The giant bronze-and-granite eyeballs peer out from the lawn on the Williams College Museum of Art campus like a newly awakened monster in a children's storybook—or a group of undergrads pulling an all-nighter (15 Lawrence Hall Dr., wcma.williams.edu, free).

However you look at it, there's clearly a message behind Eyes, by the celebrated contemporary artist Louise Bourgeois. The liberal-arts school in rural Williamstown, Mass., 150 miles west of Boston near the intersection of Vermont and New York State, commissioned this surreal sculpture 10 years ago and placed it right in front of the school's art museum, as if to announce: This place isn't some staid cloister of old masterworks.

In the past few years, colleges across the country have been shaking up their museums with new acquisitions. But only in the Northeast will you find so many contemporary outposts in a relatively small area.

With that in mind, I chose a golden autumn weekend for an art—forward, backcountry college tour.

Day 1: Williamstown, Mass. to Burlington, Vt. (139 miles) The museum at Williams doesn't just cater to undergraduates; it designs year-round programs for primary and secondary students, too. On the day I arrive, a visiting class of elementary-school kids is climbing all over the Bourgeois eyes and running wild with loaner cameras. I'm also hypnotized by Pepón Osorio's Drowned in a Glass of Water, a pile of kitsch (toy cars, a deer head, a mannequin wearing a red macramé gown) that takes up a whole room and rotates on an 18-foot carousel.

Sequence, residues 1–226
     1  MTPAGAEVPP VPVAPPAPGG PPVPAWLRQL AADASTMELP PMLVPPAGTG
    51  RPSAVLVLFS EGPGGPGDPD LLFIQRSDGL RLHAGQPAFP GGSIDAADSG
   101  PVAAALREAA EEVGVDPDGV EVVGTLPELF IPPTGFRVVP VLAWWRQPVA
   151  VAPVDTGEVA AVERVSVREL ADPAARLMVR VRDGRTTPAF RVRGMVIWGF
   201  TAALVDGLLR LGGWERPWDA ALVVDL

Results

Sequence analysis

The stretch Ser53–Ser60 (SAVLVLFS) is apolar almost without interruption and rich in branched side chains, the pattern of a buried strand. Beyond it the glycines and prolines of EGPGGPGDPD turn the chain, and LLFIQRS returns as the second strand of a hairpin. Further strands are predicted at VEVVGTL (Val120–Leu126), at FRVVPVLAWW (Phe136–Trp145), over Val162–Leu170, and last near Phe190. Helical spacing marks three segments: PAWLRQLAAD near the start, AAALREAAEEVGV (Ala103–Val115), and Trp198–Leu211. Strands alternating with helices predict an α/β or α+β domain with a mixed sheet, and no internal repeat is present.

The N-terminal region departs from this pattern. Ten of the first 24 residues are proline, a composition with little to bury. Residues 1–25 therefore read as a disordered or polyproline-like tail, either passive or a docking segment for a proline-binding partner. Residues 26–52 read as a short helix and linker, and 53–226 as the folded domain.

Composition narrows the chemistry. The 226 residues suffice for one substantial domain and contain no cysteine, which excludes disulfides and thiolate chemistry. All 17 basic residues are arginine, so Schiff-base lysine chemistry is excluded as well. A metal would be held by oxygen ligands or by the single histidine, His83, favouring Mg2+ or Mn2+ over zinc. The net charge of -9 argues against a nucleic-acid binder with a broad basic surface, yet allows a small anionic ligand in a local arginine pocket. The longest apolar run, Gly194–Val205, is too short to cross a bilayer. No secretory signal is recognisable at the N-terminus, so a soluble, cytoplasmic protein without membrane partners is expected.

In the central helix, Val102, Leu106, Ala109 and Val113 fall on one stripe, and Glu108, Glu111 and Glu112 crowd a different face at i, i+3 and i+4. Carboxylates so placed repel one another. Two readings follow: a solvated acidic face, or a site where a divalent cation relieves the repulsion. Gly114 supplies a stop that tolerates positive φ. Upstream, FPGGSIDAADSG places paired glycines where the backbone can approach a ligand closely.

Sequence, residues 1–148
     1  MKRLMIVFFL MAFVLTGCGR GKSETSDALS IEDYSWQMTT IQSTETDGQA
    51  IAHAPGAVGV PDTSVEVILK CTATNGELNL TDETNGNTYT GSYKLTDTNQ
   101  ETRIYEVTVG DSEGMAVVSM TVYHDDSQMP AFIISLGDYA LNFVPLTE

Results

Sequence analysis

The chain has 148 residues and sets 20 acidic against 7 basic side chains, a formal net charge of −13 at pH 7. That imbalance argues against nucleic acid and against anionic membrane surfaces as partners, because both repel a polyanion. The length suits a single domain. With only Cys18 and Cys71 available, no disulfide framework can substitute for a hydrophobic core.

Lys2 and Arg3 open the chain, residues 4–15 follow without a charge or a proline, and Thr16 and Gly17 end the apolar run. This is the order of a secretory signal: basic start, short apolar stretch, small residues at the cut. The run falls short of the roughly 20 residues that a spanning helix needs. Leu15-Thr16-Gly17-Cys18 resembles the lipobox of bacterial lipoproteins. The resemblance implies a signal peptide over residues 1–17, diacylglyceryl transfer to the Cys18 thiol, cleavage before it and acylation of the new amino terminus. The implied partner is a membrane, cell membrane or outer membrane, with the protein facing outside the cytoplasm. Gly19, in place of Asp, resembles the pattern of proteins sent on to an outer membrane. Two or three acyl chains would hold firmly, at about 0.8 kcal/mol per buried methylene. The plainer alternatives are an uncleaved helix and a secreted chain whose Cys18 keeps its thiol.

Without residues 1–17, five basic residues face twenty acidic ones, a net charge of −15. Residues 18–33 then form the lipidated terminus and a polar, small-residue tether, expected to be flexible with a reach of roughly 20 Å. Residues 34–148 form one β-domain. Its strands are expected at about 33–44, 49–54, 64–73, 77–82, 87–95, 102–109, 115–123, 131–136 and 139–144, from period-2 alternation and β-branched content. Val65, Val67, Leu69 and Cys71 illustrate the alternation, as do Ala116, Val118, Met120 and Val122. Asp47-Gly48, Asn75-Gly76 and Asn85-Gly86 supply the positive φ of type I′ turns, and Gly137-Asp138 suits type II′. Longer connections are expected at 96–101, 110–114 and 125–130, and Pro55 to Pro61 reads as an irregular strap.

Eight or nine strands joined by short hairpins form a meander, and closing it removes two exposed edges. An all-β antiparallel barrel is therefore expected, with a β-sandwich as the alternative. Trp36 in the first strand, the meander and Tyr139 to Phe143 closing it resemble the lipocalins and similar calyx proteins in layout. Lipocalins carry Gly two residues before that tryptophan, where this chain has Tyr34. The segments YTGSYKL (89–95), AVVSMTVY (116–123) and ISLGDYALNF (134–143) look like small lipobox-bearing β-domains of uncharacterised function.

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    It's like someone walked into a Norman Rockwell painting and ransacked the place. That said, it's hard for the art to outshine the one-woman show Mother Nature is mounting outside. From Williamstown, rural Route 7 leads north through the Green Mountains, where the leaves lining either side of the road meet in the middle to create a tunnel of brilliant red and orange. (I'd been keeping an eye on the color forecast at foliage-vermont.com to catch the peak.)

    The thing about Vermont—empty, beautiful, single-area-code Vermont—is that even its highways offer Ralph Lauren-worthy views of horses in wool saddle blankets and cabins with thin plumes of smoke swirling up from their chimneys. I wouldn't want to rush, and I don't have to, because a private, docent-led tour at my next destination—the Middlebury College Museum of Art, two and a half hours north—starts whenever you get there (Porter Field Rd., museum.middlebury.edu, free).

    The museum made art-history professor John Hunisak's popular walking tour of the 20 (mostly outdoor) public works into a series of two- to three-minute, bite-size YouTube clips you can access-ta-da!-right from your phone. Middlebury devotes 1 percent of its annual construction budget—the amount varies each year—to art. The college created the fund and its supervisory committee in 1994, after a group of alumni torched a controversial installation.

    "Some works are experienced in unintended ways," says Douglas Perkins, the museum's administrative operations manager, citing Frisbee Dog, a bronze sculpture of a dog mid-catch that has become an unofficial target on the campus Frisbee course.

    I've lived in college towns for 15 years, sucked in by the combination of high-and-low culture (and the cheap eats). Middlebury falls on the tame side of the spectrum, but even here there's the potential for serendipity, such as Neat Repeats, a vintage store crammed with silk kimonos, things that sparkle, and a mother-of-pearl box that I wish didn't cost $80 (3 Bakery Lane, 802/388-4488, vintage scarves from $6).

    I stop for a bite at the artisanal American Flatbread, where pizzas are baked in a beehive-shaped earthenware oven, and then hop back on the road (137 Maple St., americanflatbread.com, pizzas from $7.50). After the sleepy postcard quality of my first two stops, I'm struck by the energy of Burlington—a buzzing city with traffic, glassy condos, and kids on skateboards downtown.